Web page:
Cannington mine data provides new opportunities to reduce dilution. Dilution occurs during mining when waste rock gets mixed in with the ore. Whilst some dilution is unavoidable, reducing the handling and processing of waste improves a mine’s productivity. South32’s Cannington Mine already has excellent stope performance compared to industry benchmarks. This means it isn’t easy to identify further opportunities to reduce dilution. 

Laser cavity monitoring survey data (CMS) enables mines to measure average dilution (ELOS in metres). Stope design shapes are compared to actual mined shape. A “stope” is the excavation created by mining ore. Analysis of CMS stope data, together with rock and design data provided new opportunities to reduce dilution. 

Stope CMS

Stope Design compared to CMS (Laser Cavity Monitoring Survey)


PRODFINDERTM deep analytics identified three new interacting dilution factors not included in standard design methods.  Specifically, factorial ANOVA provided insights into the interaction between how long the stope is open, and the effectiveness of cables in managing fault related instability. 

Cannington mine data ANOVA showing interactive effects of stope open duration, faults and cables.

Factorial ANOVA for Cannington mine data (Equivalent Linear Overbreak/Slough, ELOS in metres). In faulted ground, cablebolt effectiveness is limited to 28 days open duration i.e. need to fill stopes within 28 days.


The factorial ANOVA shows that in the case of stopes with faults,  dilution can be reduced by a combination of cable bolting and filling stopes within 28 days.  It is important to note that the factorial ANOVA isn’t biased by rock conditions. Additionally, neither total paste dilution, nor minimum principal stress (σ3) explained the results. Whilst a p-value of 0.13 isn’t considered scientifically proven for academic purposes (typically requiring p < 0.05), these results are consistent with site observations of a relationship between stope open duration, and the extent of failure when unravelling on a fault, even when cables are present.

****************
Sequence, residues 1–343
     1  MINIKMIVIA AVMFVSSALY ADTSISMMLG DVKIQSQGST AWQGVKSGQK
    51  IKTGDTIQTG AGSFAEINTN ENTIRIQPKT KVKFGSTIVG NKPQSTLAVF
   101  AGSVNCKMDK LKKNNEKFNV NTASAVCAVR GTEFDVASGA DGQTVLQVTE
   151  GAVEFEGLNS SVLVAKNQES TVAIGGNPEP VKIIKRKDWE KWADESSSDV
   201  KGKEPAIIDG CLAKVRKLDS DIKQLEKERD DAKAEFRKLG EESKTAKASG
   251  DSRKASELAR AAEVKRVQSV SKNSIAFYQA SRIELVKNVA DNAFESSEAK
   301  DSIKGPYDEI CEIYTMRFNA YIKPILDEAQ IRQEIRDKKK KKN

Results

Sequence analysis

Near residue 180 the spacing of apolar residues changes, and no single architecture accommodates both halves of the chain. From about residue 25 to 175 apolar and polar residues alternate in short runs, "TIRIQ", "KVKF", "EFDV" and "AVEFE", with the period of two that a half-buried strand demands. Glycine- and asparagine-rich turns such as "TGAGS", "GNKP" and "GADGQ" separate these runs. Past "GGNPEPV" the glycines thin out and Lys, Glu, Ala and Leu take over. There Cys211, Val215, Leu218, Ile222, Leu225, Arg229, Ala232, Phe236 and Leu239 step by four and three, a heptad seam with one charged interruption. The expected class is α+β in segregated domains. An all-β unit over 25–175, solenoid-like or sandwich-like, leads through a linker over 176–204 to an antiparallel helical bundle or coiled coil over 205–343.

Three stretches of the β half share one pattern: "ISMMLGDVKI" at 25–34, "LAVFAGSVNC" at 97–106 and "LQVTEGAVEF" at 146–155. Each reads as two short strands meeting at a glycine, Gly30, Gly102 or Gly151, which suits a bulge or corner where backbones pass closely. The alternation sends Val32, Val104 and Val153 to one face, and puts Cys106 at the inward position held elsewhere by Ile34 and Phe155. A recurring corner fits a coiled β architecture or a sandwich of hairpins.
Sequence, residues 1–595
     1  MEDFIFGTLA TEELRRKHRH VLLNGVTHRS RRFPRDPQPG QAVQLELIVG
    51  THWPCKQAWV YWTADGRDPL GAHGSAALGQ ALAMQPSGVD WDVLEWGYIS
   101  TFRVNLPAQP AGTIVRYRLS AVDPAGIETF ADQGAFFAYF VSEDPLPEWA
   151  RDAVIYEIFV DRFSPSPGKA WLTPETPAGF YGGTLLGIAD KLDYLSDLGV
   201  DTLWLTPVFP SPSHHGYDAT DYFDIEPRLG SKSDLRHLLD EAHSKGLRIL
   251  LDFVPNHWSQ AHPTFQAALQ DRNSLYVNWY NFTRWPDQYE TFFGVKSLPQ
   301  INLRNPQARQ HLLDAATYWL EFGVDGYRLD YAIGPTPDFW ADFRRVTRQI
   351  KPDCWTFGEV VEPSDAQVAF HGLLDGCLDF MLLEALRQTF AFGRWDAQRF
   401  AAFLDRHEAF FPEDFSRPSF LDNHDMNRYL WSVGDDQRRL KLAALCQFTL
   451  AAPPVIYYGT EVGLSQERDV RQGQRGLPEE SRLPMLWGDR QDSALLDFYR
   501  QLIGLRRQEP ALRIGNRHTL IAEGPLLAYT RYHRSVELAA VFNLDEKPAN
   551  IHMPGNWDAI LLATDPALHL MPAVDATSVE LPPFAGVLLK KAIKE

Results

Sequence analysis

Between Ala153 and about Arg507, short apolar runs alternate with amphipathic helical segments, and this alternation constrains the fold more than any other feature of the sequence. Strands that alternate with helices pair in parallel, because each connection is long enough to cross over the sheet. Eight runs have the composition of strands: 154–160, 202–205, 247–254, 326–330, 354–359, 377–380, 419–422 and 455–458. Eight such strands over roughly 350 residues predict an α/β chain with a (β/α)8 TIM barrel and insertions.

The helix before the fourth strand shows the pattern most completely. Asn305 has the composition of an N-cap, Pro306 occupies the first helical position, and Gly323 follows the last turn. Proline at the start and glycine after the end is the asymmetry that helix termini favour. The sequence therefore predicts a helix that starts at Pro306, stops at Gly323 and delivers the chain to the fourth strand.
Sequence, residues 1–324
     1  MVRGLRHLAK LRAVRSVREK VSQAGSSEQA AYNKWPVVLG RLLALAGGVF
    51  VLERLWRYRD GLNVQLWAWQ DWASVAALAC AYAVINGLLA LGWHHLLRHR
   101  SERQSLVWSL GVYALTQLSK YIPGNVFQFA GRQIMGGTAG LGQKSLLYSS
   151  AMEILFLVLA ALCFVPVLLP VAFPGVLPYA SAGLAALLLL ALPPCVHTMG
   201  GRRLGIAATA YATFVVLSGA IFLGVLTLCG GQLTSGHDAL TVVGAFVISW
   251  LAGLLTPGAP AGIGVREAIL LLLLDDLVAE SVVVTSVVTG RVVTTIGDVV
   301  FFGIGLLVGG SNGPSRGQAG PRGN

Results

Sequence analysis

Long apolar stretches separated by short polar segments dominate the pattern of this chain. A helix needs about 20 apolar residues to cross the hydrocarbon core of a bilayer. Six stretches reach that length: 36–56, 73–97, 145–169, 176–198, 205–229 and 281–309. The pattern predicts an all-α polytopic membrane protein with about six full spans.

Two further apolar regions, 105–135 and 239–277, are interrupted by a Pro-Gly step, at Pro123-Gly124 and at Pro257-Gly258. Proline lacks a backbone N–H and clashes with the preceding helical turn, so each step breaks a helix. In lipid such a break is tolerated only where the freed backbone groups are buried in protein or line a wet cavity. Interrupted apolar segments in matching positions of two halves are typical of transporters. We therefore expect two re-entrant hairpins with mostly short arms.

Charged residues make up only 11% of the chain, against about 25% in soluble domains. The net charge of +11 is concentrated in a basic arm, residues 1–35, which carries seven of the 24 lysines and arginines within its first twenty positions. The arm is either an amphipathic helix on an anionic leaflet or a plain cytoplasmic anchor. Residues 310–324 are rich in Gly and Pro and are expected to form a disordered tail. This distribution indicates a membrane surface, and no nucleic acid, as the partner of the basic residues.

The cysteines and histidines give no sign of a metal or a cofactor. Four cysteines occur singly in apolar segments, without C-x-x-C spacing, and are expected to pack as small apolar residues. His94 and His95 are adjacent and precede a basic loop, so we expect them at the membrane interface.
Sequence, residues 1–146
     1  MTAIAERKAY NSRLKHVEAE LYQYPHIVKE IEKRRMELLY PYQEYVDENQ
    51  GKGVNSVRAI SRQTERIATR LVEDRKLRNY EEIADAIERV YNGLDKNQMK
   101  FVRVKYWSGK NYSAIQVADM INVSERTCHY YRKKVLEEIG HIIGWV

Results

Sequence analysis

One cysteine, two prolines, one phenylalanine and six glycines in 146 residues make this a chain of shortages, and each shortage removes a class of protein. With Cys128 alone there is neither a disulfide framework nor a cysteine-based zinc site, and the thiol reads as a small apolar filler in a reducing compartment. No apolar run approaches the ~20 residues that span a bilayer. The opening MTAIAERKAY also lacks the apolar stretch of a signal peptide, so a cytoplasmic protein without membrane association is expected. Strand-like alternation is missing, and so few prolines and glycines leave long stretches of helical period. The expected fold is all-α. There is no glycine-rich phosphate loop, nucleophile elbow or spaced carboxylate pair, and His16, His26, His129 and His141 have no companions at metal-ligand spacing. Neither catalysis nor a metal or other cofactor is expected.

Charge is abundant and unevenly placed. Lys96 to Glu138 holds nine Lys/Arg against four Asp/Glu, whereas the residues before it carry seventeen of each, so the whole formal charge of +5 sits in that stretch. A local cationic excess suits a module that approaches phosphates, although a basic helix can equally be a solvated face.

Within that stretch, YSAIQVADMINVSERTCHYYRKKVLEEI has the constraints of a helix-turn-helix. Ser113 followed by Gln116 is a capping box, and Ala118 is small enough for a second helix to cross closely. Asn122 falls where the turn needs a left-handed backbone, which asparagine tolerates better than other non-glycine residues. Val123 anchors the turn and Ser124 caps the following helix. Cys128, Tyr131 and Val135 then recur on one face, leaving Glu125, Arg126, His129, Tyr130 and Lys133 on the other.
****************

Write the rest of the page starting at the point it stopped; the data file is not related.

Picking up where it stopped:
PETRA would like to take this opportunity to thank and acknowledge South32 for providing the Cannington mine data, and for permission to publish this work and supporting Kimberley Maher’s award winning undergraduate thesis: “A data science approach to identifying and quantifying causes of dilution at Cannington mine”: Underground Metalliferous Prize winner Kimberley Maher 

This article is a summarised excerpt from the MassMin2016 paper by K. Maher, P. C. Stewart and S. Robotham entitled “A Data Science Approach to Identifying and Quantifying Causes of Dilution at Cannington Mine”.  UQ Logan MassMin2016 Paper 

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